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Are there any others who feel embarrassed about buying huge amounts of things they don't need, like hoarders, and how do we overcome this habit?

Compulsive buying, also known as "oniomania," affects 5.8% of the US population and is more prevalent in women than men.

(Source: Journal of Clinical Psychiatry)

A study found that individuals who experience "buyer's remorse" are more likely to have higher levels of debt, lower credit scores, and poorer overall financial well-being.

(Source: Journal of Consumer Research)

The average American spends $1,200 per year on impulse purchases, with clothing and shoes being the most common items bought on impulse.

(Source: Credit Donkey)

Research suggests that exposure to cluttered environments can increase stress and anxiety levels, leading to feelings of being overwhelmed and anxious.

(Source: Psychology and Marketing)

In the US, the top five most impulsively purchased categories are clothing, shoes, dining out, electronics, and books.

(Source: Slickdeals)

Hoarding is a recognized mental disorder, affecting 2-5% of the population, and is associated with anxiety, depression, and social isolation.

(Source: International OCD Foundation)

The concept of "decision fatigue" suggests that making too many choices can lead to reduced self-control and increased impulse buying.

(Source: Journal of Consumer Research)

A survey revealed that 54% of shoppers have felt pressured by salespeople to buy something they didn't need.

(Source: National Association of Sales Professionals)

Studies show that exposure to marketing and advertising messages can influence consumers' implicit attitudes towards products and increase the likelihood of impulse buying.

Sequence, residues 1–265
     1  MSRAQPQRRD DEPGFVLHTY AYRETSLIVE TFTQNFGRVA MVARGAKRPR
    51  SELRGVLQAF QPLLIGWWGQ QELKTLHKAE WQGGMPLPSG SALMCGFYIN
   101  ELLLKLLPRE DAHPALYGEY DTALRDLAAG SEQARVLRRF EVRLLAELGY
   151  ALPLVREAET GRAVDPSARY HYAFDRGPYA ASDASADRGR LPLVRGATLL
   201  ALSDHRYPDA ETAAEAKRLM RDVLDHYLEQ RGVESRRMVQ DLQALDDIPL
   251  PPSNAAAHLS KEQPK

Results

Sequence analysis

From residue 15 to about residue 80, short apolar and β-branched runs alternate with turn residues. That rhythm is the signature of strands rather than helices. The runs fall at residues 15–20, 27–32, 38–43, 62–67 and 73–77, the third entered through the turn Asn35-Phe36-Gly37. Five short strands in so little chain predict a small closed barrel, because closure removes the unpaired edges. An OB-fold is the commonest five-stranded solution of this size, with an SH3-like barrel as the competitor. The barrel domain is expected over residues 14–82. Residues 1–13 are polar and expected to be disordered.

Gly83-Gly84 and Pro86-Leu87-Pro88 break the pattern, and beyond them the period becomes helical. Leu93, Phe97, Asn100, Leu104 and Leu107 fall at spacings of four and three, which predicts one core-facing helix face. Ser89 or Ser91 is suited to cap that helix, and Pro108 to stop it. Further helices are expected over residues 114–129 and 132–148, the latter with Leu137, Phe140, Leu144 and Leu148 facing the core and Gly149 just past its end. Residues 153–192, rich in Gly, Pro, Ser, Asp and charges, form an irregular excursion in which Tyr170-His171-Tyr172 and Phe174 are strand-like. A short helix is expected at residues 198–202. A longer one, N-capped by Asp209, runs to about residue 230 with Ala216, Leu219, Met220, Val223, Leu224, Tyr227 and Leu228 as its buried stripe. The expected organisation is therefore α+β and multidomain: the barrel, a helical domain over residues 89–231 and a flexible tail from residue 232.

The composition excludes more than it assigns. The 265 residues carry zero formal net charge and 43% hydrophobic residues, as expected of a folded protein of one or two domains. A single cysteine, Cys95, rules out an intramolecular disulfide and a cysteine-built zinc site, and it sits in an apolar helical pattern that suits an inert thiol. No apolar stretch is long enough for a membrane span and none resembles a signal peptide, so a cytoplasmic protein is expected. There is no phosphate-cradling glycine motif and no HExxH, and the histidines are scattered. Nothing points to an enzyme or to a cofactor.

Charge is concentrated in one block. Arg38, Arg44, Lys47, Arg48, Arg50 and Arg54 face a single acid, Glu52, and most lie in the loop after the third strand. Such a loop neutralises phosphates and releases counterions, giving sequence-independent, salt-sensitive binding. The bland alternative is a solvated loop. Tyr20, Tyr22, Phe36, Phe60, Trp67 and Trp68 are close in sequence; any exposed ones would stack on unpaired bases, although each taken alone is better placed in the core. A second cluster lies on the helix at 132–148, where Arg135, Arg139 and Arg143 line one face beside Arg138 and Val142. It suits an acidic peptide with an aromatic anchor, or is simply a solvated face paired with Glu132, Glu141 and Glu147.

(Source: Journal of Consumer Psychology)

A study found that consumers who practice mindfulness and self-reflection are less likely to engage in impulse buying and have better control over their spending habits.

(Source: Journal of Consumer Behavior)

The brain's reward center, the nucleus accumbens, is activated during impulse buying, creating a pleasurable feeling similar to drug use.

(Source: Journal of Neuroscience)

Some retailers use "nudging" techniques, such as placing high-margin or impulse-buy items near checkout lines, to encourage unplanned purchases.

(Source: Journal of Marketing Research)

In the US, impulse purchases account for approximately 20-40% of unplanned spending, with an average of $5,400 spent annually on unnecessary items.

(Source: Marketing Science Institute)

The environmental impact of overconsumption is significant, with an estimated 8-10% of global carbon emissions attributed to the production, manufacturing, and transportation of goods.

(Source: World Resources Institute)

Cognitive behavioral therapy (CBT) has been shown to effectively treat compulsive buying behavior and reduce symptoms of anxiety and depression.

(Source: Behaviour Research and Therapy)

Mindful spending, which involves being aware of one's spending habits and budgeting, can reduce impulse buying and improve financial well-being.

(Source: Journal of Financial Planning)

The "endowment effect" is a cognitive bias that causes people to overvalue possessions they own, making it more difficult to part with them and resist buying more.

(Source: Journal of Consumer Research)

The "mere ownership effect" is a tendency for people to place a higher value on items they own, regardless of their utility or necessity, leading to a greater likelihood of overconsumption.

(Source: Journal of Marketing Research)

Research suggests that fostering a sense of gratitude can reduce impulse buying and increase overall well-being.

(Source: Journal of Positive Psychology)

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